Wednesday, September 28, 2011

Rebuild or Replace?

By Adam Paull

Fishermen's News October 2011

The fishing season has begun. Your boat, your gear and your crew are in place for the peak of the season. Then that engine you were hoping to get one more season out of decides to let go.

What is it going to cost you?

If you are unfortunate enough to have a catastrophic engine failure, you can expect to miss a minimum of one to two weeks while you await your repower. You can also anticipate a disgruntled crew concerned about not making money, overtime for the shop doing the work to get you going again, and airfare costs (nearly $2 per pound) to fly an engine from Seattle to Alaska. It all adds up to a difficult situation that would have been a lot cheaper with some off-season attention.

This may sound like a doomsday scenario, but these types of failures occur every year.

Your boat is your business, so the financials of when and how to repower your vessel are important business considerations. When contemplating a repower, start by answering three questions:

• What is the history of your current engine(s)?
• How long do you expect your current engine(s) to provide reliable service?
• How much would unplanned downtime cost your business?
Now let’s assume you want to avoid a doomsday scenario like the one detailed above, and that you are weighing the decision to rebuild your current engine or replace it with a new engine.

Rebuild Current Engine
Rebuilding can seem to be the more frugal of the two options. It can be a good option, but only if you have a good starting point: a newer-technology engine that can be rebuilt to factory specifications with factory parts and dealer support. This option enables you to keep a familiar engine that works with all existing vessel systems.

However, there are many questions associated with rebuilding, such as:

Are parts readily available? Many service parts for older engines are nonexistent, and the quality of aftermarket parts can be questionable.

Can you rebuild back to factory specifications with new liners and pistons?

What is labor going to cost to remove, rebuild and replace?

Is a warranty available on the rebuilt engine or parts? If done incorrectly, rebuilt engines generally do not last as long as new engines.

The bottom line is that rebuilding your engine can be an acceptable option as long as you have a good starting point, take the time to restore the engine to factory specifications with factory parts, and weigh the performance and efficiency tradeoffs.

Install A New Engine
A rebuilt engine may be appealing and may appear to be the more economical solution. You probably favor your old engine, it likely does not have electronics, and you know what to expect.

However, when you compare a rebuilt engine to a new engine, you may find that a brand new replacement engine could easily pay for itself when you factor in the fuel cost savings, reliability (uptime) and electronic features.

Let’s examine the benefits of installing a new engine.

A brand-new engine may seem costly, but consider these ways to offset and minimize the expense:

Factor in fuel efficiency gains that new technology offers. New electronically controlled engines have features and controls that allow the factory to better calibrate and optimize for performance and fuel efficiency. Some John Deere customers have reported up to a 33 percent improvement in fuel efficiency with a new engine compared to their old engine. That kind of fuel economy gain is not possible with an older, rebuilt engine, and fuel cost savings can really add up over a few seasons.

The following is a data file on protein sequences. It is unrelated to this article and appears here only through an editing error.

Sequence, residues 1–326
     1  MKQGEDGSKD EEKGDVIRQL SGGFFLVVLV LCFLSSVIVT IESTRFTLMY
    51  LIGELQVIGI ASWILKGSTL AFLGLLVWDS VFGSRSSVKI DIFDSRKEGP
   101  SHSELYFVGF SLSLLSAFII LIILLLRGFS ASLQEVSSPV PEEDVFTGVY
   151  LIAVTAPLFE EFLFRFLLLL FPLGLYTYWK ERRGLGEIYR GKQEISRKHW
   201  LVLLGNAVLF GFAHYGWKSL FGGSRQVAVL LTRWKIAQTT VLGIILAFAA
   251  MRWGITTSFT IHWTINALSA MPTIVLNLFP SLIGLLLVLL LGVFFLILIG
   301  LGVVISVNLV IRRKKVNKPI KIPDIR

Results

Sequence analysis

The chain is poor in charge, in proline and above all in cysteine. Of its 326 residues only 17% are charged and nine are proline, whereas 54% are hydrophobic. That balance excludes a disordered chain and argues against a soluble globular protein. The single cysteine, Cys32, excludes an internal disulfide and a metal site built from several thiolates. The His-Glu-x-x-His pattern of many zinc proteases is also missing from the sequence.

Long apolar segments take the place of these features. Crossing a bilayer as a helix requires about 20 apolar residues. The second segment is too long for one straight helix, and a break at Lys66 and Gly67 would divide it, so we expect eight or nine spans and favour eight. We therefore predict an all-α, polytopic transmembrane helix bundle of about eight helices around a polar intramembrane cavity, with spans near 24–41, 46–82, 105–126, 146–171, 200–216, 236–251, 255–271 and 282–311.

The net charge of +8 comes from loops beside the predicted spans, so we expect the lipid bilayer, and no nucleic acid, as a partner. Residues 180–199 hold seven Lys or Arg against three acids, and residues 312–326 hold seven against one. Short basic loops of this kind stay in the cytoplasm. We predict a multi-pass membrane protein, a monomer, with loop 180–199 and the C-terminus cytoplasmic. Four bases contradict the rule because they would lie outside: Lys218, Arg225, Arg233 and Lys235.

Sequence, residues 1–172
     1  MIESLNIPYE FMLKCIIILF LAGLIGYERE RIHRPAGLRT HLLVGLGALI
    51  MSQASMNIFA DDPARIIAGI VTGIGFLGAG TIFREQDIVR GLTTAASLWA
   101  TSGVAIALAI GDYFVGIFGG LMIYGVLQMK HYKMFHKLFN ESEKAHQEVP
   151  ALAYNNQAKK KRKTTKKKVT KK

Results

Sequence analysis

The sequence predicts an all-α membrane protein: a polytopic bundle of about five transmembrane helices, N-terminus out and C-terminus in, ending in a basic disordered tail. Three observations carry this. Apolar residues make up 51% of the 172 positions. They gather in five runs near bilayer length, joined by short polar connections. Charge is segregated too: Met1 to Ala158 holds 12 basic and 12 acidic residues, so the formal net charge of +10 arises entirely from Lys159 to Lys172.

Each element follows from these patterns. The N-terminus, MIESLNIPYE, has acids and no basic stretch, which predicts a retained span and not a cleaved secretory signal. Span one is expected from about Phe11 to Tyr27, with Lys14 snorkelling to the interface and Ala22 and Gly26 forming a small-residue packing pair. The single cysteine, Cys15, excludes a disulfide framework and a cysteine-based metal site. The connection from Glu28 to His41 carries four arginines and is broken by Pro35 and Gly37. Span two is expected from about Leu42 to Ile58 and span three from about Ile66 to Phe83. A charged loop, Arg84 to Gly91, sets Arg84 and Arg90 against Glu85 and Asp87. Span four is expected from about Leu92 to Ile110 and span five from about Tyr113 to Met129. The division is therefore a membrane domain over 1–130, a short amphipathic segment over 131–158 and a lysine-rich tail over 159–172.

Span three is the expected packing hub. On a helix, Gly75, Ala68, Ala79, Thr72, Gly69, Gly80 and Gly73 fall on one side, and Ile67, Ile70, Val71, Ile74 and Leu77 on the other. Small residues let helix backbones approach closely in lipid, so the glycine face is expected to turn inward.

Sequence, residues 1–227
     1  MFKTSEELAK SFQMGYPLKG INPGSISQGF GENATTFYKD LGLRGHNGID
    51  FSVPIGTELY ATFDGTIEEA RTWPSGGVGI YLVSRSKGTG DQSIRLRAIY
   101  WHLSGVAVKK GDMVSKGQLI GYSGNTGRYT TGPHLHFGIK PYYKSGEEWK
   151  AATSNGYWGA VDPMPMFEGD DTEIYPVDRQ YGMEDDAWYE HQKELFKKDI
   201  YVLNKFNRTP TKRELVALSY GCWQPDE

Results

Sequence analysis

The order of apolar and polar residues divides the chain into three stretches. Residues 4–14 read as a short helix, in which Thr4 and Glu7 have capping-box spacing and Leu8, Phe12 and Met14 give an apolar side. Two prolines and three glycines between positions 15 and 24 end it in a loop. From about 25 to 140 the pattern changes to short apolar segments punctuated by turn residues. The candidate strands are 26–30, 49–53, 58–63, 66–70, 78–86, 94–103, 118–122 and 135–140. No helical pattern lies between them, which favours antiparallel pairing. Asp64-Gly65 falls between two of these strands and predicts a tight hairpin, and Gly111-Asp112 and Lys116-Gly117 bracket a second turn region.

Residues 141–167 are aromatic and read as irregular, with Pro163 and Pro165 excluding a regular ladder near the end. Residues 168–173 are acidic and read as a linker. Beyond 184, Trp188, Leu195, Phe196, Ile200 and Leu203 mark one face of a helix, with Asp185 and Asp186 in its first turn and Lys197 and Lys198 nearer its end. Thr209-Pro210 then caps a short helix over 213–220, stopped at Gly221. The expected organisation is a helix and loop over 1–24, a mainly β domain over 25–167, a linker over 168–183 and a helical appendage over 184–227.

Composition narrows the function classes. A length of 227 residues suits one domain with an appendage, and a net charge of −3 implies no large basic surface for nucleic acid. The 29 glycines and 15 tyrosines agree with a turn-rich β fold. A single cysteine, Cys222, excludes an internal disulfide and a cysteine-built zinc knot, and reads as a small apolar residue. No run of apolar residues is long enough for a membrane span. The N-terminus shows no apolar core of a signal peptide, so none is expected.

Obtain funding assistance. Alaska, Oregon, and California have programs to help with offsetting some of the cost of upgrading your engine. New engines generally qualify easily for these types of programs, which are established to improve fuel efficiency and/or emissions.

Sell your old engine. Some customers have been able to make good money selling the engine being replaced.

Long-Term Reliability and Uptime
What is your productivity worth? Before new engines start production, they have gone through extensive product validation and verification (PV&V) processes to ensure that customers receive the reliability and uptime they expect. These processes get more elaborate with each engine development program to ensure that a new engine is better than its predecessor. Many marine engine components have endured the same strenuous testing as the manufacturer’s agricultural tractors and construction equipment. These types of PV&V processes make certain that you will get the best long-term reliability and uptime.

What about the electronics? Electronics on diesel engines are not new, and the electronics incorporated into new engines have undergone the same strenuous testing. Not only do these electronics offer precision controls for optimal fuel delivery – often increasing both power and fuel economy – they also provide engine protections to prevent catastrophic damage. These protections can prevent an unplanned engine swap in the middle of your prime fishing season. Additionally, when the engine requires maintenance, electronics enable precision troubleshooting to facilitate diagnostics and a quick return to normal operation. Older engines do not have such features.

Dealer support and parts availability are additional reliability and uptime considerations. If you have a problem, it is important to consider the ability to obtain parts and support. With a new engine, dealer support and service parts are generally more readily available.

New Engine Specification
Adding power costs money, while a replacement engine of similar power to your old engine can save work. Careful specification of your engine could result in significant savings.

Increasing horsepower will likely require costly upgrades to gears, coolers, exhaust, and other systems with – depending on hull form – the potential for a minimal improvement to vessel performance. However, manufacturers such as John Deere offer single circuit keel cooled ratings that are very similar to ratings of engines being replaced. A horsepower-for-horsepower exchange may allow the reuse of the exhaust system, transmission and keel cooler. Additionally, the existing controls can typically be reused with the addition of an electronic throttle position sensor. You could achieve significant savings by reusing many of the old engine systems rather than upgrading parts of the propulsion system – a requirement when significant horsepower is added to the boat.